Verse > Anthologies > Elizabethan Sonnets > Parthenophil and Parthenophe
Seccombe and Arber, comps.  Elizabethan Sonnets.  1904.
Parthenophil and Parthenophe
Elegy XVI. Ah, were my tears, as many writers’ be
Barnabe Barnes (1569?–1609)
AH, were my tears, as many writers’ be,
  Mere drops of ink proceeding from my pen!
  Then in these sable weeds, you should not see
  Me severed from society of men!
Ah me! all colours do mine eyes displease,        5
  Save those two colours of pure white, and red!
  And yet I dare not flourish it in these,
  Because I cannot! For my colour’s dead.
Those colours flourish round about each where,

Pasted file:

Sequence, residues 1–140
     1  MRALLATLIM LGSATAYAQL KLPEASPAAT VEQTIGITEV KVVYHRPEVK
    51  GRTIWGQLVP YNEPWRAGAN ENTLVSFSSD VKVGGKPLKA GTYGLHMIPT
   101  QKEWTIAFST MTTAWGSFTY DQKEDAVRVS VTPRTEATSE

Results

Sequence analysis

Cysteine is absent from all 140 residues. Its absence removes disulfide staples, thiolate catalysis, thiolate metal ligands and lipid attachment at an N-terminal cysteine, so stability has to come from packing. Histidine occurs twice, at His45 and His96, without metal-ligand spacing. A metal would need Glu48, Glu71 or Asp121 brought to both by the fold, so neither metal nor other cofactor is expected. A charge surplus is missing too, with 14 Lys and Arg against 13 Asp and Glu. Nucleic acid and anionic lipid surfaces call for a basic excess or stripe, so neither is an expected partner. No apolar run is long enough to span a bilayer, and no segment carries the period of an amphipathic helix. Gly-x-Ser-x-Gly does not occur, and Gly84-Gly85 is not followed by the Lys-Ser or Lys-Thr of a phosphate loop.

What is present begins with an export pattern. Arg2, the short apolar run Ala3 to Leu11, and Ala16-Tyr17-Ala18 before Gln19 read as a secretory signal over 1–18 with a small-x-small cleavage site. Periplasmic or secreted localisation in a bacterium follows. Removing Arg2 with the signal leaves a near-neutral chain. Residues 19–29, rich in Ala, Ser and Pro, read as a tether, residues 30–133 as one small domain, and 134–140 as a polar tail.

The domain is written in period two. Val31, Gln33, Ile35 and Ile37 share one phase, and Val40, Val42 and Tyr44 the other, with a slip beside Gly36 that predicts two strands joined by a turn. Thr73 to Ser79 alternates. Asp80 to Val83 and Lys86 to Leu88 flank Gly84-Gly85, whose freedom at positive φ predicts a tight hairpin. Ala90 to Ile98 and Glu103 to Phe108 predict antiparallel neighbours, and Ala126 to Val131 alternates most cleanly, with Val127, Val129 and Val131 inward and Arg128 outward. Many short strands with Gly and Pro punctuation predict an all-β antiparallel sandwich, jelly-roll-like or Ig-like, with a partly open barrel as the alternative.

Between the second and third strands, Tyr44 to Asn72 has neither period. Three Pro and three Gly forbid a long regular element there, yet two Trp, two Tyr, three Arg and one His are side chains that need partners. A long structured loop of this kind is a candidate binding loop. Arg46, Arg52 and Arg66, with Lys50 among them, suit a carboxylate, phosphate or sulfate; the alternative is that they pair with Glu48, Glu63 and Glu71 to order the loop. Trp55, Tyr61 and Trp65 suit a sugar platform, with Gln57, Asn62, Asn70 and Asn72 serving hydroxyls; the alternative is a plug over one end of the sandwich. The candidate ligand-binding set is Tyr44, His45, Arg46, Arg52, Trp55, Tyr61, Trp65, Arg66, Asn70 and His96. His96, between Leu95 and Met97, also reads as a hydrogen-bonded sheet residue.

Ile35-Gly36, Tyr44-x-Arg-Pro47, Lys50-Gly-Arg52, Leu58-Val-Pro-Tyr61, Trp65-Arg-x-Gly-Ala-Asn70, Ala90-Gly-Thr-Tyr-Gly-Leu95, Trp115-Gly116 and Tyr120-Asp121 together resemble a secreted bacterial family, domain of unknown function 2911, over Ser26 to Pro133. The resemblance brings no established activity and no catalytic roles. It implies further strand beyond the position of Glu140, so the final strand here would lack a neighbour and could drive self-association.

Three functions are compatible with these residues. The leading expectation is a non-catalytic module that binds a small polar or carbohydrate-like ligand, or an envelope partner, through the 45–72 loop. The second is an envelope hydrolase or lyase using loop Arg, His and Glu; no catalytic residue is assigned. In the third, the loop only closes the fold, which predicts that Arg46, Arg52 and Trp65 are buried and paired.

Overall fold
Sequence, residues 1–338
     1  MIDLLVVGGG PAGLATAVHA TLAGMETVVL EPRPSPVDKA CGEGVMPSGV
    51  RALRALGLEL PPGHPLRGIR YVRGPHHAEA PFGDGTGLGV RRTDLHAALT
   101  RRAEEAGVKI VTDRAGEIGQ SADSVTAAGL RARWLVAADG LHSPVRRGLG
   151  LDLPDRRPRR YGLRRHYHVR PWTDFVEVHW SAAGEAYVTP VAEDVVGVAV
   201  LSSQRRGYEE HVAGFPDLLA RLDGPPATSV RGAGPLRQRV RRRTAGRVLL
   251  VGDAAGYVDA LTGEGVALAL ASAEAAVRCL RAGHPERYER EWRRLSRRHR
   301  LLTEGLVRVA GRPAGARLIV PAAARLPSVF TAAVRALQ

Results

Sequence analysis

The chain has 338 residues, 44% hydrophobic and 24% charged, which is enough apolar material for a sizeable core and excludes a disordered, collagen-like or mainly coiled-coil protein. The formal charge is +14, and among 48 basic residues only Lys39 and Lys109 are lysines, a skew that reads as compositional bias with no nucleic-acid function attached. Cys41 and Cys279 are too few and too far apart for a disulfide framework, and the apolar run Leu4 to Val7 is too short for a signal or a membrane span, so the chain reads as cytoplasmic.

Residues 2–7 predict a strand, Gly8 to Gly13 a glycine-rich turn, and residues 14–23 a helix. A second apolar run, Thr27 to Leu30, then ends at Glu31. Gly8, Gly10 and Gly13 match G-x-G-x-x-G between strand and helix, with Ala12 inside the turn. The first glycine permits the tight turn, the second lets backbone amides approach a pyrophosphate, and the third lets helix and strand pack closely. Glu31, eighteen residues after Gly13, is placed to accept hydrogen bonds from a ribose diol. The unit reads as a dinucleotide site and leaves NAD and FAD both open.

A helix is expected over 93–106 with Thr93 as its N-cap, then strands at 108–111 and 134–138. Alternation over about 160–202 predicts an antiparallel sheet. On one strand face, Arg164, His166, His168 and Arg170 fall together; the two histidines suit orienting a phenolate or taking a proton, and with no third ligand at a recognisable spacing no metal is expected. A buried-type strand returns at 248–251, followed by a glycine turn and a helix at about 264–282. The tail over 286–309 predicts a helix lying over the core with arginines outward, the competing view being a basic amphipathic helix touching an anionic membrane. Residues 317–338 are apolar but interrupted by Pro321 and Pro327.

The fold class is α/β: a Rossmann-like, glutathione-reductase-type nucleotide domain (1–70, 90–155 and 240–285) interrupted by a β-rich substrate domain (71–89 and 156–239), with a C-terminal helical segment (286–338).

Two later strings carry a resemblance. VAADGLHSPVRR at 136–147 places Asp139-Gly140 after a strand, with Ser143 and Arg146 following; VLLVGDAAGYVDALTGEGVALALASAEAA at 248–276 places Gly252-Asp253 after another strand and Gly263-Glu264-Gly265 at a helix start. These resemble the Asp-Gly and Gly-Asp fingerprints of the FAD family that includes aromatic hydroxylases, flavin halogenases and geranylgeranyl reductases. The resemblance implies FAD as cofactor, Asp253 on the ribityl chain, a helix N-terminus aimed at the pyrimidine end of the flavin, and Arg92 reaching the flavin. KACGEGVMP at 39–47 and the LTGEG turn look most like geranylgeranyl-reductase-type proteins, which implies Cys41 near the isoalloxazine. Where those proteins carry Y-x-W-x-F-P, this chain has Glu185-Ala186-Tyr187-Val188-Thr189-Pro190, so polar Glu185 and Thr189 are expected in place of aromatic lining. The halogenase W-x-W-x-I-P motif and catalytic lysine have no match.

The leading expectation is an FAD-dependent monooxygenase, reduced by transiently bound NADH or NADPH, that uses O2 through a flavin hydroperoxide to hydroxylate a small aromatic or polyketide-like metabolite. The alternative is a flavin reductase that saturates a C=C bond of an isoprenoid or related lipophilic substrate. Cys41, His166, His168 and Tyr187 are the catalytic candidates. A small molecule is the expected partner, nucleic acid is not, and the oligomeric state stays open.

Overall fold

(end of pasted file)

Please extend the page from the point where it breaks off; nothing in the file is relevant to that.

But chiefly with my Mistress, in their kind:        10
  And fain I would her lovely colours wear;
  So that it might be pleasing to her mind!
But nought will please her over-cruel eye,
  But black and pale, on body, and in face;
  Then She triumphs in beauty’s tyranny,        15
  When she sees Beauty, Beauty can disgrace!
When her sweet smiling eyes dry VESTA’s throne!
  Can blubbered blear-eyes, drown in seas of tears!
  And laughs to hear poor lovers, how they moan!
  Joys in the paper, which her praises bears!        20
And, for his sake than sent, that schedule tears!
  What but pale Envy doth her heart assail?
  When She would be still fair, and laugh alone;
  And, for her sake, all others mourn and pale!

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